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xeddiex

Array and pointer question

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Array names and Pointers are alike(?) Why can't you do this:
	char *name = "dog";
	name[0] = 'c';
	name[1] = 'a';
	name[2] = 't';
	name[3] = '\0';
        *Compiles fine but program crashes*

	//But can do this
	char name[4] = "dog";
	
	name[0] = 'c';
	name[1] = 'a';
	name[2] = 't';
	name[3] = '\0';

Also, True or Not: char *name = "dog";.. Allocates memory for name and then assigns the string "dog" so that means, later on I would have to free(name) because it was dynamically allocated. Or is it not dynamically allocated?

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No, you do not have to free the char *, simply because you did not use malloc(). It is not dynamically allocated, the compiler knows ahead of time the proper size and thus it is exactly the same as char [3]. This also applies to the null termination you are attempting. The compiler allocates enough space for "dog", but not for the null character, so yes, it will compile, but it will be a segmentation fault because you are reaching into memory that has not been allocated for use with that char *.

Hope that helped.

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In addition to what Alex said ...

Sytactically pointers and arrays are exactly the same. The only difference is that an array is a const pointer; you cannot reassign an array to point to a different location.

int* pointer;
int array[10];

pointer = array; /* okay */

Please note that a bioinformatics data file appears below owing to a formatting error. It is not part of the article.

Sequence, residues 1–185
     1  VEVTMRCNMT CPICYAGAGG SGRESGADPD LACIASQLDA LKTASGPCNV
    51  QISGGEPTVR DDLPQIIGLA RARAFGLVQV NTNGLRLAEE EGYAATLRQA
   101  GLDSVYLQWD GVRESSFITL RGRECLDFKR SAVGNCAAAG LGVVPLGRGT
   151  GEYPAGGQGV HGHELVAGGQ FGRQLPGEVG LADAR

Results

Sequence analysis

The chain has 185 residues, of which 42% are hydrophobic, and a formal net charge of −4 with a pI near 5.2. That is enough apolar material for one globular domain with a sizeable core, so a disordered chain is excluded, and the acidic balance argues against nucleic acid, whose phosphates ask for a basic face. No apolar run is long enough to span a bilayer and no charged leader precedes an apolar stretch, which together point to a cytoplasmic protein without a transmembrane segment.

array = pointer; /* ERROR!!! */

EDIT: After reviewing the original post, I realize my post has absolutely nothing to do with the question. Please ignore.

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char* is just a pointer...

new char[x]

reserves x memory at a pointer address dynamically. which you would have to

delete []

... later or you'll have a memory leak. Note the [] after delete - it's important when removing dynamic arrays.


When you do
char name[4] = "dog";

It's creating an automatic array of 4 and initalising each element with the string. Automatic variables delete themselves when they fall out of scope.



All array handles are pointers to memory - the first element of a contigous set of memory. Thus name+1 == 'o'

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The first example sets a pointer to your program's string table, which is arbitrarily stored (ie, you can't make any guarantees as to how or where they're stored; we usually expect it to be hard-coded at the top of the executable). You're overstepping the protected bounds of your own program, which is why you get the access violation.

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char *name means you create "an pointer to an char".

when you do:
char *name = "dog" you kind of create an array[] = { 'd', 'o', 'g' } and assign the adress of that array to name.

char name[4] = "dog"; is wrong .... but

char name[] = { 'd', 'o', 'g' }; is legal

char name[13] = { 0 }; will set 0 in every space of array.

using new and delete.

char *name = new char[ "dog" ];

delete [] name;

think thats right

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Quote:
Original post by DarkSlayer
think thats right
It's not. char *name = "dog"; doesn't create an array at all. It initializes a pointer to a static string literal. If you open up the binary in a hex editor, you'll actually see the string in there. char name[4] = "dog"; is correct; it initializes the elements of the array to 'd', 'o', 'g' and '\0'.

char name[] = { 'd', 'o', 'g' }; creates an undimensioned array, which is equivalent, believe it or not, to char *name = { 'd', 'o', 'g'}; and almost equivalent to char *name = "dog"; The difference? The former doesn't terminate in a null, meaning that you can't print the array as it will lead to an access violation.

There's a bad habit around here of not reading previous posters' comments, causing people to reiterate wrong answers.

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Quote:
Original post by Oluseyi